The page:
25th February 2020

Views from the Manse – Rev J.D. Williams

By Rev Dr John Sampson

J. D. came from Tasmania after being baptised in the Hobart Tabernacle in 1933. As a young man he served in pastorates at Deloraine and Yolla before being called to the ministry and entering the Victorian Baptist Theological College. He graduated in 1942.

After college he served in South Hobart 1943/4, and as an Interim in Hobart in 1945 before going to Devonport 1946. In 1949 he took up a position at North Adelaide and he stayed here until 1958.

He then accepted the position of secretary of the Australian Baptist Missionary Society where he served until 1983, leading the mission through the difficult transition from a colonial world to a post-colonial world. It was he who developed the policy that saw the mission aim to develop an indigenous church and get out as soon as possible, rather than continue with the colonial model where you build a local church dependent on outside leadership.

In 1984 he joined the team at North Balwyn and remained here until 1992 after which he completed his life’s work with a number of Interim ministries until the year 2000.

In all this time he remained single and I wondered how much this influenced the opportunities open to him?

We all recognise that Jesus never married but seem very hesitant to appoint people who follow his example and deliberately remain single.

Surely we do not believe that a single person is incapable of maintaining a house or cooking a meal. If we really valued them we could support them by providing home help or a housekeeper. This was suggested in a letter to the South Australian Baptist paper Truth & Progress in 1893 in a letter that bemoaned the state of affairs in which the churches are deprived of the services of a minister’s wife. To quote ‘How is it possible for her to go among the people, visit the sick and attend the various meetings of the Church when her whole time has to be given to domestic duties because she cannot afford to keep a help’.

But real life is far more complicated than this simple argument.

For example Jesus was not a lone itinerant preacher. He lived in a community made up of the disciples. Devoted men & women, who shared his life. Also when he sent his disciples out they went in pairs. So to follow biblical precedent perhaps we should look again at communal living. The Community of the Transfiguration comes to mind, but others with fewer resources may well find a share house fits the bill.

And then I discovered that JD did not live alone. He lived with his sister Leslie who maintained the house and cared for him for the whole of his time in Melbourne.

When I sent a draft of this article to the Rev. Tony Cupit he pointed out that there are many other examples of single ministers who have done great work in the BUV. To quote him;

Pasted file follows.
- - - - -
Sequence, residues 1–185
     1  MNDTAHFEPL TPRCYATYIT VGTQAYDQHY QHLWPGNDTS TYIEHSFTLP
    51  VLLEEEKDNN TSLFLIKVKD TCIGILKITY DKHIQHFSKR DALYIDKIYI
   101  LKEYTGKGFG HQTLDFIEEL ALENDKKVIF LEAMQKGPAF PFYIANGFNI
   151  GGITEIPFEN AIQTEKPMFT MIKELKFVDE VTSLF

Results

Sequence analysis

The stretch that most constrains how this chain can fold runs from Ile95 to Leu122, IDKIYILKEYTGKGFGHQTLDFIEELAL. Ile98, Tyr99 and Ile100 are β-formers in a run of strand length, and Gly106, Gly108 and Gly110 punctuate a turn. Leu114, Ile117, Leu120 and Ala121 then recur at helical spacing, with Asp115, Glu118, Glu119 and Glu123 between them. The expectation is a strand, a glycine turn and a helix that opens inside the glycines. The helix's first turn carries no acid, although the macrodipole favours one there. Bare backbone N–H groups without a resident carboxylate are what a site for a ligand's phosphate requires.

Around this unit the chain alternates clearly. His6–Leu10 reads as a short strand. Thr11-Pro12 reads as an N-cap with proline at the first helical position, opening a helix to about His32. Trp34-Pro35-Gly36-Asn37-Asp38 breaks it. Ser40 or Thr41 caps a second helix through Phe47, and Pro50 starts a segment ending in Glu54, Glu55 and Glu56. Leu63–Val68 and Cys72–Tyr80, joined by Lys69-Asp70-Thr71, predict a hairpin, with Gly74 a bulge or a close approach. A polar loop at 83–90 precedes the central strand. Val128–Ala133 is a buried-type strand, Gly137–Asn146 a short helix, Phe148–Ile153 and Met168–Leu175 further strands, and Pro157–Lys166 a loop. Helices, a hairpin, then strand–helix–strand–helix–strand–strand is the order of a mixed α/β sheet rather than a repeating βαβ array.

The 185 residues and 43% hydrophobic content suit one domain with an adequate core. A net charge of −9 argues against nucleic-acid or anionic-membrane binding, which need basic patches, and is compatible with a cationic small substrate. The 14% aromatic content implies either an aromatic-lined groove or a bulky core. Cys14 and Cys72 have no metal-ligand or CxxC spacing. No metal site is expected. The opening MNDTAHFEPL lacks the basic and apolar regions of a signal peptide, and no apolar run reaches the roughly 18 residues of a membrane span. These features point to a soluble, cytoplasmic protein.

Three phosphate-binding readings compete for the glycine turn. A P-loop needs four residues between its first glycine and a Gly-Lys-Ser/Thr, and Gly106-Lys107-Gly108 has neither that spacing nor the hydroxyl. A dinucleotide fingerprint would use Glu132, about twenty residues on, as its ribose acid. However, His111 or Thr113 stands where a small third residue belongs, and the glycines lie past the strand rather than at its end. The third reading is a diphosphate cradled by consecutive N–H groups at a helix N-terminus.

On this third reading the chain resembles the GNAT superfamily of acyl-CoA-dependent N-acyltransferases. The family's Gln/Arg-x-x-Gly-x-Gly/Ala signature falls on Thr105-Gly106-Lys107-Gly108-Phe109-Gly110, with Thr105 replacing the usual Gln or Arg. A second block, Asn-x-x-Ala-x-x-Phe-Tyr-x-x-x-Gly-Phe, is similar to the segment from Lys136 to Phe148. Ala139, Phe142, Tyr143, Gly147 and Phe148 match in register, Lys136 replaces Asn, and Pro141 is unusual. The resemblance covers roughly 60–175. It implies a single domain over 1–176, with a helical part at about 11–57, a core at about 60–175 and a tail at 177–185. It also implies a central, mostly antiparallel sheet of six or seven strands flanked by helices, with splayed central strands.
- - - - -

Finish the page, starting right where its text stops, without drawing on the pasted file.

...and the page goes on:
Clarrie Edwards had some long and successful ministries, for example Boronia and Nth Balwyn,

 Peter Arnold ministered in churches before marrying Yvonne.  

And there have been a number of unmarried female ministers; e.g.,

Jill Manton after Peter’s death,
Marion Welford,

Marita Munro (though not in a congregation),
Sue McDonald. etc, etc’.

We could add to this the list of Deaconesses from the 1950’s as they were all expected to remain single and celibate while they served in the churches or the mission field.

Note why did Baptists only expect the deaconesses to be single and celibate while serving the church while the Roman Catholics expect both men and women to be single and celibate?   


If you would like more info on JD we have a good introduction to his work in his article ‘Twenty Five Years in the Australian Baptist Missionary Society’[1]. If you would like a hard copy please contact me. As treasurer of the Victorian Baptist Historical Society I can provide you with one for $20 plus postage or I could send you a digital copy for free via my email.

JD was a character and there was far more to him than you will ever find in one article but at least we have a good starting point. However there are so many others whose lives need to be celebrated.  

So please choose a subject, arrange some interviews & do a bit of research. Then pull out your laptop and start typing.

If you submit your work as an essay to the Victorian Baptist Historical Society’s Essay competition you could even earn yourself with a nice little bundle of cash for Christmas!

[1] The Victorian Baptist Historical Society magazine ‘Our Yesterdays’, vol 5 p 27.

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